Around five years ago, Toppers Pizza CEO Scott Gittrich knew the brand had to make a change.
“We realized that we had kind of fallen into a trap in the pizza segment of following the discounters, and we made a hard but correct choice to separate ourselves and really commit ourselves to our position as the better but more expensive pizza place—that crave-worthy [quick-service restaurant] pizza,” Gittrich says.
The decision appears to be the right one, as Great Plains Capital recently made a long-term minority equity investment in the 70-plus-unit pizza chain. The financial fuel comes amid Toppers’ 30th anniversary and 13 consecutive quarters of same-store sales growth.
These strong sales numbers are likely part of what drew Great Plains into Toppers’ orbit. Gittrich says the investment will provide greater financial resources and business expertise to improve operations and accelerate the chain’s unit growth.
This means investments in personnel, leadership, and engineers as the brand focuses more on technology and franchise development. Franchise leads continue to come month after month, Gittrich says, adding Toppers will make some major investments into its systems and learning portals to support franchisees during onboarding. The company is also ready to step on the gas pedal with kitchen redesigns.
The CEO says two more Toppers stores will pop up this year. Around 12 restaurants are slated to open next year, and 20 to 30 in 2023 and 2024. The majority of growth will stay close to the chain’s current markets, but the company will likely establish a presence in some new spots with the help of multi-unit operators.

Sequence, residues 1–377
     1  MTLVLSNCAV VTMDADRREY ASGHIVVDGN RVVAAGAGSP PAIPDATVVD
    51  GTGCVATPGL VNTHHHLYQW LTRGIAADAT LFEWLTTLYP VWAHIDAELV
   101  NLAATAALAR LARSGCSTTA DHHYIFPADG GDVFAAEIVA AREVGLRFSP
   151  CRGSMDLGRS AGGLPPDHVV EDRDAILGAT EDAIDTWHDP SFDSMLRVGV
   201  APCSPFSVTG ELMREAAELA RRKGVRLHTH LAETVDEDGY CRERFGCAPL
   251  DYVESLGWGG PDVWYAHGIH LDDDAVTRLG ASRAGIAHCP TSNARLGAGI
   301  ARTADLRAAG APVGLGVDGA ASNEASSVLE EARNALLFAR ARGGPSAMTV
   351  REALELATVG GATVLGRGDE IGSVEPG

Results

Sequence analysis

Gittrich notes that Toppers has typically found franchise success with those who are driven to run a business, including those that haven’t operated a restaurant before. Around 35 percent of stores are corporately owned, but that percentage will likely go down over the next few years as the brand focuses on franchise expansion.
Toppers will open three to four company stores annually over the next few years—a gradual and strategic plan implemented four years ago. Gittrich says it was part of a concerted effort to brand the company as a quality provider in quick-service pizza and to also increase AUV.
The method has proven worthwhile as stores are now earning more than $1.1 million on average.
“We’ve been single-minded about it,” Gittrich says. “We made a commitment that our number one priority was to drive volume through customer satisfaction to all the restaurants and create the most successful restaurant concept for our franchisees.”
“The whole thing is based on driving value for franchisees to be able to get a great return on their investment,” he adds. “Do that and then the rest will take care of itself. You have a successful restaurant concept that you can open up in different places and serve customers, well, then the franchisees will find you.”